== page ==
Airman Howe is the daughter of retired ArmyMaster Sgt. Paul Howe — featured prominently in the best-selling book “Black Hawk Down” about a Delta Force operation in Somalia — and Connie Beckwith Howe, a former Army Reserve major and one of the colonel’s three daughters.

“I hold gunships really close to my heart,” Airman Howe said from Hurlburt Field on the Florida Panhandle. “They’ve been over my dad. They watched over him when he was in the military.”


“What’s not to like? This fuel is all-American, and the profits stay here — not in the hands of people who want to kill us.”

The only thing deeper than a natural-gas well is the ignorance of the anti-fracking crowd.

Fracking — formally called hydraulic fracturing — involves briefly pumping water, sand and chemicals into shale formations far below Earth’s surface and the aquifers that irrigate crops and quench human thirst. This process cracks these rocks and liberates the gas within. Though employed for decades with seemingly no verified contamination of groundwater, anti-fracking activists behave as though this technology were invented specifically to poison Americans.

“Fracking makes all water dirty,” declares a poster that Yoko Ono recently exhibited at a Manhattan carpet store. According to another: “Pretty soon there will be no more water to drink.”

Matt Damon’s 2012 film “Promised Land” dramatizes fracking’s supposed dangers by showing a toy farm devoured by flames.

In contrast to this hyperventilation, former Environmental Protection Agency Administrator Lisa P. Jackson told the House Oversight and Government Reform Committee in May 2011, “I’m not aware of any proven case where the fracking process itself has affected water.”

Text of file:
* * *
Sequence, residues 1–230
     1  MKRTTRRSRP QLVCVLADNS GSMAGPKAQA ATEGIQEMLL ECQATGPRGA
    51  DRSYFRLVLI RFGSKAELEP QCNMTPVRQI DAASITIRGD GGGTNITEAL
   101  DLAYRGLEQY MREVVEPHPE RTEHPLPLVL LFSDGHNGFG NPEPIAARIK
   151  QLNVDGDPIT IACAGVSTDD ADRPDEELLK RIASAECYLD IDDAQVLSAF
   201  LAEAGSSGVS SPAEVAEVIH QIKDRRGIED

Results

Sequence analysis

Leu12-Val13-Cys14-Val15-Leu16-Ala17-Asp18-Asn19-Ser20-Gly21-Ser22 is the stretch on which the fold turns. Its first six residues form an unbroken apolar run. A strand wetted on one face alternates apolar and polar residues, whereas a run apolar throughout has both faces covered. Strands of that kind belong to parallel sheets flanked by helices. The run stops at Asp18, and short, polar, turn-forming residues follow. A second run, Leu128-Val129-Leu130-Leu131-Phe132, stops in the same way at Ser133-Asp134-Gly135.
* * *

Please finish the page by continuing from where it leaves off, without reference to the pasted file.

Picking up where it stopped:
Frackophobes would be astonished to see how m


“The word the Washington Post is searching for, when it describes the inability of the President to sell his plans to Congress and the American people, is “strategy”. He has nothing to sell. The President has no overarching goal. No coherent idea of where wants to go or how to get there. What he has in place of it is a series of slogans, a list of talking points, a grab-bag of nostrums, a collection of disconnected ideas and a number of vague intentions. And they all change from day to day, depending on who he’s talking to.”

Events in two cities — Cairo and Homs — symbolize the crisis gripping the Middle East. An ad showing starving carriage horses in Egypt underscored the depth of hunger in Egypt. Even if by some miracle Egypt could attract tourists, the hospitality industry workers which once supported it — including the carriage horses — would by then be gone, dead or dispersed. This is what is literally meant by “eating the seed corn”.But if the animals have it bad, the people aren’t doing much better. The poor in Egypt can’t afford [2] to buy food. And that is with the loaves costing the equivalent of one US cent. There’s precious little to buy either. Reuters says that Egypt, once the granary of the region, has two months of food stocks left [3].